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Pigs Full of Beans

23 August 2013
National Pig Association - The voice of the UK pig industry

UK - Soya is at the forefront of many people's minds at present, particularly after the references to it in connection with the Amazon rainforest on Newsnight this week. So the following comments from one of Britain's larger producers may be of interest.

"We have found pigs grow faster on beans than on soya — but it's like drawing teeth stopping nutritionists using the bloody stuff.

"50 per cent of our feed is made up of wheat, barley and beans, and oilseed rape at 25 kilos a tonne.

"Our top priority is to reduce the risk of making a loss so some years ago we sold sows and bought land, so that now we grow all the cereals that we consume as a pig producer.

"I can grow beans for about £80 a tonne, compared to about £200 to buy them in and that compares very favourably with soya at around £400 a tonne. We've been up to 30 per cent beans and those have been our fastest growing pigs.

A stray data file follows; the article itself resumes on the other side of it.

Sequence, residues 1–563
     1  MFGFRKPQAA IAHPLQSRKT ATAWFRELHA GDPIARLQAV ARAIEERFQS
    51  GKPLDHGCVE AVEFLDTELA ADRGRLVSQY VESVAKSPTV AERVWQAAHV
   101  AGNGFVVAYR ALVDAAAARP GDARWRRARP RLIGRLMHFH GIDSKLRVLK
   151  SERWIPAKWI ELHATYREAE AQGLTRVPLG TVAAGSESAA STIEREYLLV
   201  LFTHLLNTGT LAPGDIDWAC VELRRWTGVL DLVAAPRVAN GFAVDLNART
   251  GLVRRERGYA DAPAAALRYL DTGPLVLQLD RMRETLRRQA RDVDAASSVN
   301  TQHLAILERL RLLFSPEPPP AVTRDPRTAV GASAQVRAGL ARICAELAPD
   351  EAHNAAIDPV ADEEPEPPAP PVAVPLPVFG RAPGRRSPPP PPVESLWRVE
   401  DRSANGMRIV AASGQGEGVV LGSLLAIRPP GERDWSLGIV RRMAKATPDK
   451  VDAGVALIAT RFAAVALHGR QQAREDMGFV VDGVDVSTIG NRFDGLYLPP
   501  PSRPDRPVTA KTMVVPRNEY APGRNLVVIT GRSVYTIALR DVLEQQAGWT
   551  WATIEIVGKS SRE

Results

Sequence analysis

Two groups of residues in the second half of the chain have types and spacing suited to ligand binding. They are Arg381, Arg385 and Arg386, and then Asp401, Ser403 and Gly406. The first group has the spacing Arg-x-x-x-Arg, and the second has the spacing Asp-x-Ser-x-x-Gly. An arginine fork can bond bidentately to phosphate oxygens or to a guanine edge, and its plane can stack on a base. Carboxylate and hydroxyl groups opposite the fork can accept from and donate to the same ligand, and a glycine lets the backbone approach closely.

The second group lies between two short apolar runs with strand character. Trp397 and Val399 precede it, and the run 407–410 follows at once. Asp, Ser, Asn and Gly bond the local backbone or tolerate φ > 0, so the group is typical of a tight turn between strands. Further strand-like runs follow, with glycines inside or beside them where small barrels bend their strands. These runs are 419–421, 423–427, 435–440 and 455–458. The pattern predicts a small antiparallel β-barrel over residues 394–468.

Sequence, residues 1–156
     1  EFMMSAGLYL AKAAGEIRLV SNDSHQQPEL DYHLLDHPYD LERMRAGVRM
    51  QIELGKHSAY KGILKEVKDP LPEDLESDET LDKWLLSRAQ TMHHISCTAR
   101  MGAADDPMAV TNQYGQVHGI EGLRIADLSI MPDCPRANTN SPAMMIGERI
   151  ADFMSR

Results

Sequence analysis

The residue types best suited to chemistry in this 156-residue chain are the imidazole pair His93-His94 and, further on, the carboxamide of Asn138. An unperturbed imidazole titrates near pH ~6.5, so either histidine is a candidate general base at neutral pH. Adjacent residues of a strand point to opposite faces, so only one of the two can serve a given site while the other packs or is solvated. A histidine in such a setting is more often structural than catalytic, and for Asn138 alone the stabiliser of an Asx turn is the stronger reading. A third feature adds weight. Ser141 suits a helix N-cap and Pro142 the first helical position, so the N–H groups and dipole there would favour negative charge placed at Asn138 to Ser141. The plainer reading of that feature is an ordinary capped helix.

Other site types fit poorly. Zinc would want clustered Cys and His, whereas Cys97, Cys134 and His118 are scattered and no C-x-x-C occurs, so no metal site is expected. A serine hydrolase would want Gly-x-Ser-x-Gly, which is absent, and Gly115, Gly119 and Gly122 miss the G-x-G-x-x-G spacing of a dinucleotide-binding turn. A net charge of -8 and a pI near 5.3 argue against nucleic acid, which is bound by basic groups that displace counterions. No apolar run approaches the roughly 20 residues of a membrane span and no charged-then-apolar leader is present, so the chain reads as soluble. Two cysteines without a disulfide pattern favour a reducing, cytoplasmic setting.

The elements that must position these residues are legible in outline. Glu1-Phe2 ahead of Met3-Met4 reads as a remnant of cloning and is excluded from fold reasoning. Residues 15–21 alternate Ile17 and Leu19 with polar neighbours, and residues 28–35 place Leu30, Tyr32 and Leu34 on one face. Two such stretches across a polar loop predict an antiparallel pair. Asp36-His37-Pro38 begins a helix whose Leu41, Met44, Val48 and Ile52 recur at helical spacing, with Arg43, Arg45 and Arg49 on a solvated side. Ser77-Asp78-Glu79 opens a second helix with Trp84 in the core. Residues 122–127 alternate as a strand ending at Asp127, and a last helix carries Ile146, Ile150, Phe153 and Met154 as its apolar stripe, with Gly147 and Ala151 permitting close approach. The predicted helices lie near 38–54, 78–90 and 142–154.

"We grow wheat-wheat-barley-beans and in a good year expect 4 tonnes from the first wheats, 3 tonnes from the second, 3 tonnes of barley, and 2 tonnes of beans — or 3 tonnes average across the rotation.

"A sow with all progeny needs 6 tonnes, so we allow for two acres per sow. What comes out of the back end of the pig provides enough phosphate and potash for two acres, if you grow beans in the rotation, because they don't need anything.

"But the pigs don't give you enough nitrogen, so the beans make an important contribution, because they mean we don't need nitrogen on 25 per cent of our land, and that's a big help.

"The pigs may not produce enough nitrogen, but they do produce plenty of ammonia, and if you collect that and add sulphuric acid, you get ammonium sulphate. We're trying that now to see if it works."

ThePigSite News Desk

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